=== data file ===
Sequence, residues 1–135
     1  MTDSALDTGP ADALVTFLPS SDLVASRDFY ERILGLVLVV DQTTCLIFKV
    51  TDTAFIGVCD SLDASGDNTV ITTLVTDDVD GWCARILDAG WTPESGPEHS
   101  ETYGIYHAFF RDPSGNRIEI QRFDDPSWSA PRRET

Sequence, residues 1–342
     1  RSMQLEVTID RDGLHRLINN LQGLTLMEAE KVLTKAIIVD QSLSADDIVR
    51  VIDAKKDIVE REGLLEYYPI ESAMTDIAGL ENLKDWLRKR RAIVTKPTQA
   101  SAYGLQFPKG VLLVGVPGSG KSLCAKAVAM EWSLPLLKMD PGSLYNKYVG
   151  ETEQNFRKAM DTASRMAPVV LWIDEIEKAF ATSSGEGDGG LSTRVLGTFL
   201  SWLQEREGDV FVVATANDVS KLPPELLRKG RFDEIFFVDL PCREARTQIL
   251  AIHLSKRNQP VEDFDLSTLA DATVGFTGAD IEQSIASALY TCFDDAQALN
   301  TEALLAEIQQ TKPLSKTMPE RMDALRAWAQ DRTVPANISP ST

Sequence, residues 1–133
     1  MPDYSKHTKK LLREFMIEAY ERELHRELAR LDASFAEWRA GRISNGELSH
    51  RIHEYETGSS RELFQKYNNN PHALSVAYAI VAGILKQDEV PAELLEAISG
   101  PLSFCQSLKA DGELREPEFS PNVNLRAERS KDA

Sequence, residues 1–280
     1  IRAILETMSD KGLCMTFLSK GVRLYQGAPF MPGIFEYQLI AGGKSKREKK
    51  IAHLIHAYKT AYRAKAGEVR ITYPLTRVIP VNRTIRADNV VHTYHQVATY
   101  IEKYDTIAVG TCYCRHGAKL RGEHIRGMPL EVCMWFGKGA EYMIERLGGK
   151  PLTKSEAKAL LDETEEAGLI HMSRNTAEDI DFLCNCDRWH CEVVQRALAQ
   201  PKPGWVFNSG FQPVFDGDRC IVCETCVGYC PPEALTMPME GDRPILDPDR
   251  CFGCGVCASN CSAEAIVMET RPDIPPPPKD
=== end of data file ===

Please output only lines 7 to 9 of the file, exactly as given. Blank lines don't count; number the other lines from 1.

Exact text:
    51  VIDAKKDIVE REGLLEYYPI ESAMTDIAGL ENLKDWLRKR RAIVTKPTQA
   101  SAYGLQFPKG VLLVGVPGSG KSLCAKAVAM EWSLPLLKMD PGSLYNKYVG
   151  ETEQNFRKAM DTASRMAPVV LWIDEIEKAF ATSSGEGDGG LSTRVLGTFL